Antibiotic resistance is a growing problem that does not have a simple solution. Thanks to the overuse of antibiotics in everyday life and agriculture, strains of so-called “super-bugs” have evolved that cause us harm and have no clear weaknesses. This rising threat is so serious that the UN General Assembly convened last year for a health summit – just the fourth time in its history that it has ever done so.
Fortunately, scientists are hard at work, probing for potential ways to destroy superbugs before they do the same to us. Now, as revealed in a stunning study by researchers at Oregon State University (OSU), a molecule has been synthesized that reverses the antibiotic resistance of three groups of bacteria.
These three genera – which included a resistant strain of E. coli – use a gene to produce a specific enzyme known as New Delhi Metallo-beta-lactamase (NDM-1). NDM-1, discovered in 2008, is able to make these bacteria fight back against a wide range of antibiotics, including the commonly deployed carbapenem varieties.
As a result of this enzyme’s increasing prevalence, “doctors have had to pull out an antibiotic, colistin, that hadn’t been used in decades because it’s toxic to the kidneys,” lead researcher Bruce Geller, a professor of microbiology at OSU, said in a statement. Colistin “is literally the last antibiotic that can be used on an NDM-1-expressing organism, and we now have bacteria that are completely resistant to all known antibiotics.”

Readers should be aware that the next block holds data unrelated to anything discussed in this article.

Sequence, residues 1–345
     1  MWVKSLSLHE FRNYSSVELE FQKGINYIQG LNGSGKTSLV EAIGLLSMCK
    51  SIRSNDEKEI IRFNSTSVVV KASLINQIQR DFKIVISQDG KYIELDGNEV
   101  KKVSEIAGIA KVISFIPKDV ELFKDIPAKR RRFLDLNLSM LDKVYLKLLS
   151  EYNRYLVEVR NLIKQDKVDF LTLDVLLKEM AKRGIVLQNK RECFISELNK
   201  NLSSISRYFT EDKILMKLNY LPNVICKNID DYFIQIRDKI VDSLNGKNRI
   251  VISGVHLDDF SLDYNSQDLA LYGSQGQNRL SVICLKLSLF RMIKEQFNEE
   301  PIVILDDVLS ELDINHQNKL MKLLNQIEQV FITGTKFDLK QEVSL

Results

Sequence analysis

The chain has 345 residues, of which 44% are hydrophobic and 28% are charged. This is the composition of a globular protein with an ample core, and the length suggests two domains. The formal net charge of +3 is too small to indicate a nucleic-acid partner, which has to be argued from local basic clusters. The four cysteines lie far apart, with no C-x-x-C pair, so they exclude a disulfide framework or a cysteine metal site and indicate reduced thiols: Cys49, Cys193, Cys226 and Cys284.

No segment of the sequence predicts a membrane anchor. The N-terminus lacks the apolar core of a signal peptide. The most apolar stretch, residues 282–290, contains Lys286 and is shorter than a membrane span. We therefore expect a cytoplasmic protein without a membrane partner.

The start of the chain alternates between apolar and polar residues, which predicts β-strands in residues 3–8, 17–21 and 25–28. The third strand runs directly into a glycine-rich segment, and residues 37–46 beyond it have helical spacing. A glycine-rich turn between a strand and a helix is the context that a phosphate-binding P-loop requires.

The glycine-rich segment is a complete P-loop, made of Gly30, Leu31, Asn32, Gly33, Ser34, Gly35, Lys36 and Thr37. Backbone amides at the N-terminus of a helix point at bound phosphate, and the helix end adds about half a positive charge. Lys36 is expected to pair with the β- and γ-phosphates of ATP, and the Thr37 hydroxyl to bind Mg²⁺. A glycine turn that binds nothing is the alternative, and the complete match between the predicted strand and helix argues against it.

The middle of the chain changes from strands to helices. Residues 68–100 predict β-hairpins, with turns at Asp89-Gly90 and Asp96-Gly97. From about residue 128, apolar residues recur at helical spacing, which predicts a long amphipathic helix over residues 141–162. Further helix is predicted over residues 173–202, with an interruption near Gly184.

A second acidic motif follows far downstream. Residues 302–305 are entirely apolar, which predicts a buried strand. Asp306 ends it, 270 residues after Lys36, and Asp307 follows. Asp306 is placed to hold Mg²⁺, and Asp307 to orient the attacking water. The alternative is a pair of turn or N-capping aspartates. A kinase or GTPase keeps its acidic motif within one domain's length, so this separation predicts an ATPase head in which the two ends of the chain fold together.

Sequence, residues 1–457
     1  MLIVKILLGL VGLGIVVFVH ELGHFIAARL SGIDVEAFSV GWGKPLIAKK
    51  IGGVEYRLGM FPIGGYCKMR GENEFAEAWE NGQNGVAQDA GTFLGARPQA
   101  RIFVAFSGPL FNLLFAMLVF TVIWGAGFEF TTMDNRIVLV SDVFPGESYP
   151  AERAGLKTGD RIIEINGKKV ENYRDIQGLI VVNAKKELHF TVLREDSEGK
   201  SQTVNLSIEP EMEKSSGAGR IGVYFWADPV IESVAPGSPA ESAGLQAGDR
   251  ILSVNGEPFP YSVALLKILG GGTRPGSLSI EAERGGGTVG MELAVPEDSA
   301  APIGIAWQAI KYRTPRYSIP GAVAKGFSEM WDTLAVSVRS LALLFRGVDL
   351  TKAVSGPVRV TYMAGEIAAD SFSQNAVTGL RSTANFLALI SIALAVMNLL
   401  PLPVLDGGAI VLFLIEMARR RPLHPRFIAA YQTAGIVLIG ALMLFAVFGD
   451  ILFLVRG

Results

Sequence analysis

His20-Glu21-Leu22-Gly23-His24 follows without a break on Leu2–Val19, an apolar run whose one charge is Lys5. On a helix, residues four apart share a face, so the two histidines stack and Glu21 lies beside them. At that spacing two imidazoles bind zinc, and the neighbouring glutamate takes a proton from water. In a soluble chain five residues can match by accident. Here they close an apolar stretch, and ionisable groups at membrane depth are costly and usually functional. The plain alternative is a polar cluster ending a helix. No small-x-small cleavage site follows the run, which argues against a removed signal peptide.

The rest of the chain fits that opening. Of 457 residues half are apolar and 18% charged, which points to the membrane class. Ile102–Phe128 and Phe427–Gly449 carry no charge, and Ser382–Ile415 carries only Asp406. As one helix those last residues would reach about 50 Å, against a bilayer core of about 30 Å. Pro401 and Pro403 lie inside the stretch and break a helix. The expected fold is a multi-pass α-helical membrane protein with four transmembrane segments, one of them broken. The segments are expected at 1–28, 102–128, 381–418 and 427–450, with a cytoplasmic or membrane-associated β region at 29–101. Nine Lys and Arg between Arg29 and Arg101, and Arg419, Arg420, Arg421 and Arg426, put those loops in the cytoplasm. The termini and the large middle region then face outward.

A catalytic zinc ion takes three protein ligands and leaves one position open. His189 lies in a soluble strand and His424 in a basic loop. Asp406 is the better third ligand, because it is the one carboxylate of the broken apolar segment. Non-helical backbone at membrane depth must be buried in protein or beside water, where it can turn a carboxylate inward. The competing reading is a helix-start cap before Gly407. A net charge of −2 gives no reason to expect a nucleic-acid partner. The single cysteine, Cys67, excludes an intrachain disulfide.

After studying the unusual biochemistry of NDM-1, the team from OSU managed to manufacture a chemical that binds to and disables it. The cacophonously-named peptide-conjugated phosphorodiamidate morpholino oligomer (PPMO) is a type of molecule that occurs naturally and has been shown to negate antibiotic resistance in the past.
Unfortunately, these PPMOs only seem to work on one particular strain of super-bug. By tinkering around with them, the team from OSU successfully produced a version that manages to render all three studied genera of super-bug vulnerable to antibiotics, including carbapenems.
Not only did their synthetic PPMO work on samples of the bacteria on their own, but they demonstrated that PPMOs and carbapenems can be used in conjunction to cure mice of antibiotic resistant E. coli.
As noted in their study in the Journal of Antimicrobial Chemotherapy, there is no evidence that this PPMO can work within humans just yet. The team expects clinical trials to commence within the next three years.
This type of work couldn’t have come along quick enough. Every year, 2 million people in the US alone are infected by a superbug, and about 23,000 of them perish as a result. We simply can’t risk living in a post-antibiotic age where a simple, treatable infection today transforms into a widespread, unstoppable killer.